Is there a recommended way to remove unwanted menu shortcuts from the application menu (XDG standards compliant). I've got a few packages that tend to install multiple shortcuts even though I only need one of them, for example Xonotic installs shortcuts:

  • Xonotic (SDL)
  • Xonotic (GLX)

But since I have no need to use the GLX binary, it'd be good to remove the unneeded shortcut. In the past, I've simply deleted the second shortcut file, but I've found that just results in the shortcut being reinstalled the next time I update the package.

I'd like to be able to remove them more permanently, as I like to use the alt-f2 launcher and would prefer not to have to worry about accidentally starting the wrong program.

  • If you want to change what appears in the menu, edit the menu. I believe in KDE, if you right-click menu button, you will get a menu configuration option. If you install a new application, it will generally get added to the menu, but updating a package shouldn't affect the menu. – fixer1234 Jul 18 '16 at 6:23
  • Another option would be to leave them in the menu, but create a menu branch to hold items you don't want to see. Then stash everything you don't want to wade through there. – fixer1234 Jul 18 '16 at 6:31
  • It's not so much the removing them bit that's the problem - it's making sure they stay removed when the next system update rolls around (because it will usually reset everything to where it was). – Adam Luchjenbroers Jan 2 at 5:37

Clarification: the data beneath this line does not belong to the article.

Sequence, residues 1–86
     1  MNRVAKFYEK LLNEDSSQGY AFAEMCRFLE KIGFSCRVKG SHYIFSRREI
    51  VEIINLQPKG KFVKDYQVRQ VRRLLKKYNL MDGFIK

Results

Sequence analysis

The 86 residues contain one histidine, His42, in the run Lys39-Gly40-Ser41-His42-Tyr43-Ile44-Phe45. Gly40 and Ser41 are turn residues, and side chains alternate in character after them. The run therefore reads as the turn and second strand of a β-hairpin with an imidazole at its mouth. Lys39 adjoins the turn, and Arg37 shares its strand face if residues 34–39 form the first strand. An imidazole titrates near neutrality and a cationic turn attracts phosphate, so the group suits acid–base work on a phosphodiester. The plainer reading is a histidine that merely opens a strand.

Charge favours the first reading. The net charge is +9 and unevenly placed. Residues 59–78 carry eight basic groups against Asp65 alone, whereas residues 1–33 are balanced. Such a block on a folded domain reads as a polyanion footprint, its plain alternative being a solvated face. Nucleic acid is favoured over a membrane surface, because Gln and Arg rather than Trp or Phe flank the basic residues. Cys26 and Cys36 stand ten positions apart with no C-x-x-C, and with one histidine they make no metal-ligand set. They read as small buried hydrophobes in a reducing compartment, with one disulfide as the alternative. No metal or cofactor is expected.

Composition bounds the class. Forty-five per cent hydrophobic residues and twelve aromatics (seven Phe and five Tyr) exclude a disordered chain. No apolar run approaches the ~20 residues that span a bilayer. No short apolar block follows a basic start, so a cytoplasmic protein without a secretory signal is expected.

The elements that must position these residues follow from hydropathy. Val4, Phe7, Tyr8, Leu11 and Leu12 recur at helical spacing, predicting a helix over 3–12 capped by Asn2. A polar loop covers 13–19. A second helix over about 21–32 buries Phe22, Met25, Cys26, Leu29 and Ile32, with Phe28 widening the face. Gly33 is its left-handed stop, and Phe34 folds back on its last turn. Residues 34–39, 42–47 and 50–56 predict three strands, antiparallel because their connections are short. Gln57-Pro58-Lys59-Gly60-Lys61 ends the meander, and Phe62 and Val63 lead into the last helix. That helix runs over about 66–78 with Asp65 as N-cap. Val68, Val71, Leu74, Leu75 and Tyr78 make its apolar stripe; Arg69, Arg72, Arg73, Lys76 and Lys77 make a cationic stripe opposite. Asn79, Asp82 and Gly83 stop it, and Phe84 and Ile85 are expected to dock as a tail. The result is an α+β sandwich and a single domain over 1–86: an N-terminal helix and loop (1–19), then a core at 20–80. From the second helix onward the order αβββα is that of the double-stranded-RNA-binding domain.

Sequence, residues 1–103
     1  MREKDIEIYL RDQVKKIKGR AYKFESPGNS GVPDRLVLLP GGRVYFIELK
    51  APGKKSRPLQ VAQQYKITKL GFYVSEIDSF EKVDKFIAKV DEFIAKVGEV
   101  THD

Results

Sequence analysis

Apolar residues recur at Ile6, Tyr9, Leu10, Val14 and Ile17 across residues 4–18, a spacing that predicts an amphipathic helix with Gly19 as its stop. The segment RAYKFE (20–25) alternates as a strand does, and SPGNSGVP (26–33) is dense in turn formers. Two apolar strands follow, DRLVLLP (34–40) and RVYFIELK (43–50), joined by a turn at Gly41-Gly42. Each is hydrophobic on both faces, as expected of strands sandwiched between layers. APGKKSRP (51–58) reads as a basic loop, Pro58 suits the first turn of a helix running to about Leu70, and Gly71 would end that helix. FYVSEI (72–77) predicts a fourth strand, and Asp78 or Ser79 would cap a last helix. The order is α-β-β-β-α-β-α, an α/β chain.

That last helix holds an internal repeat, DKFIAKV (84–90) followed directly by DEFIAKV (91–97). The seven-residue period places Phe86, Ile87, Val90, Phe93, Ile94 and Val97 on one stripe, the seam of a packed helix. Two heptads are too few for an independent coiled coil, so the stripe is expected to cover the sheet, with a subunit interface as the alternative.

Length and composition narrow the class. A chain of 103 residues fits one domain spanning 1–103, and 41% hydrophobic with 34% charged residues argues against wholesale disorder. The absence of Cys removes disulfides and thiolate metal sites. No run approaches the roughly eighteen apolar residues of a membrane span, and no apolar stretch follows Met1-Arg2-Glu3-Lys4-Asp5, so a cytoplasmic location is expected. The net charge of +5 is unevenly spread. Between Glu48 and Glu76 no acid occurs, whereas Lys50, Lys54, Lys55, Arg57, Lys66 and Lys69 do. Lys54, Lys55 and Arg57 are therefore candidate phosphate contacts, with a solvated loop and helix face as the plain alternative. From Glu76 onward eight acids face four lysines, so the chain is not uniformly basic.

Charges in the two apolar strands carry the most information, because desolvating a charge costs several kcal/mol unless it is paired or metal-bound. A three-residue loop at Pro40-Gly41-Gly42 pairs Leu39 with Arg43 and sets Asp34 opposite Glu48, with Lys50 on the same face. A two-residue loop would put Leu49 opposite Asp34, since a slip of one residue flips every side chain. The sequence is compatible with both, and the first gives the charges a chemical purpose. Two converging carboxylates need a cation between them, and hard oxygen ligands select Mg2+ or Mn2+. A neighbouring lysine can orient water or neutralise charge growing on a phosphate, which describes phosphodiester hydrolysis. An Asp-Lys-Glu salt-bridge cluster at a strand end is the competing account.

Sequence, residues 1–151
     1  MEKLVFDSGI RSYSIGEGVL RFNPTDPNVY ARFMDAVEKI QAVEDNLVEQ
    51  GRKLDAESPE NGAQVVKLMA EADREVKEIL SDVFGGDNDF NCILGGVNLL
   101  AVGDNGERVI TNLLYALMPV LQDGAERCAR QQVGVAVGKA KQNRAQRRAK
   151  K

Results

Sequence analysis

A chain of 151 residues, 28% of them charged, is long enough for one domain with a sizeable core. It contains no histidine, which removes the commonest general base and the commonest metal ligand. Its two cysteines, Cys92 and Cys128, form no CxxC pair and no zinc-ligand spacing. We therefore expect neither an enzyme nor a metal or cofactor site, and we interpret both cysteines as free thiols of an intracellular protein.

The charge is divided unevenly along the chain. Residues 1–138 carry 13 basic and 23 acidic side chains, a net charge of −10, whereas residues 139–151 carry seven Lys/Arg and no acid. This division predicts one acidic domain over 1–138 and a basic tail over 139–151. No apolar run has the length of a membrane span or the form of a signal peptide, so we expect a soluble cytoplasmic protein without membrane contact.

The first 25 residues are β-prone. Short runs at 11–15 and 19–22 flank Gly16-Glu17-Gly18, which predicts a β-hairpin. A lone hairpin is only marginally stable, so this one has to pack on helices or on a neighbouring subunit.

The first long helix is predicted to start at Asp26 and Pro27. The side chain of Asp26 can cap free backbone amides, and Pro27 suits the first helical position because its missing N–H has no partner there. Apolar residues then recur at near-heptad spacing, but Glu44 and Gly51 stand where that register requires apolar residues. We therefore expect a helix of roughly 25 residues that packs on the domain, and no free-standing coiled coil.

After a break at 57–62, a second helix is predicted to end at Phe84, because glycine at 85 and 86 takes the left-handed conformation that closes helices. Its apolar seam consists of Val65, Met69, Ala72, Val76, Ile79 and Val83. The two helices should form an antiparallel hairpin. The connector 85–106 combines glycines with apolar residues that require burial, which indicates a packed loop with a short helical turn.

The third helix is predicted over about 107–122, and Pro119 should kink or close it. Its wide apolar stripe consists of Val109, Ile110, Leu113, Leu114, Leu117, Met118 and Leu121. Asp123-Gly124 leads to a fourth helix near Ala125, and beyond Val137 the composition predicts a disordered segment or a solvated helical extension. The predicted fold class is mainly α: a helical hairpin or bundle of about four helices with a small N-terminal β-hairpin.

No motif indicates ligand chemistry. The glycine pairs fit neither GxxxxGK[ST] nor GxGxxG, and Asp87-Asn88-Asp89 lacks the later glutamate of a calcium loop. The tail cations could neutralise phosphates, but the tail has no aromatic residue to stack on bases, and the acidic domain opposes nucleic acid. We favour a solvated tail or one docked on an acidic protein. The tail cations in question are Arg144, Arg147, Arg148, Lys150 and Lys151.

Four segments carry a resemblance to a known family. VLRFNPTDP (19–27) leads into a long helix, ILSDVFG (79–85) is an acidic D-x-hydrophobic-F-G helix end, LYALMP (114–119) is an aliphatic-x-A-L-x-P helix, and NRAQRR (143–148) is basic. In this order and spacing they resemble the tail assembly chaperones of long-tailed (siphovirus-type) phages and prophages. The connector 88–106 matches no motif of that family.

The way the menu works is a bit convoluted. It isn't surprising that just deleting the files results in the menu entries returning when the files get put back during an update.

When you install a package, it includes menu information files that support the menu entries. When you update a package, it basically reinstalls the package using the latest components (but doesn't replace your existing application configuration files). So if you delete application files, they will be put back when the package is updated.

The menu system looks for those individual menu information files and incorporated them into the menu. Then there are customization files that tell the menu system what to change from that baseline.

When you edit the menu (in KDE it's usually accessible by right-clicking the main menu icon, but sometimes there's a separate menu editing app), it edits the customization files. So if you tell it to delete an entry, it doesn't really remove anything, it instructs the menu system to ignore the application's menu information file if it exists.

Editing the menu to remove entries you don't want should survive updates.

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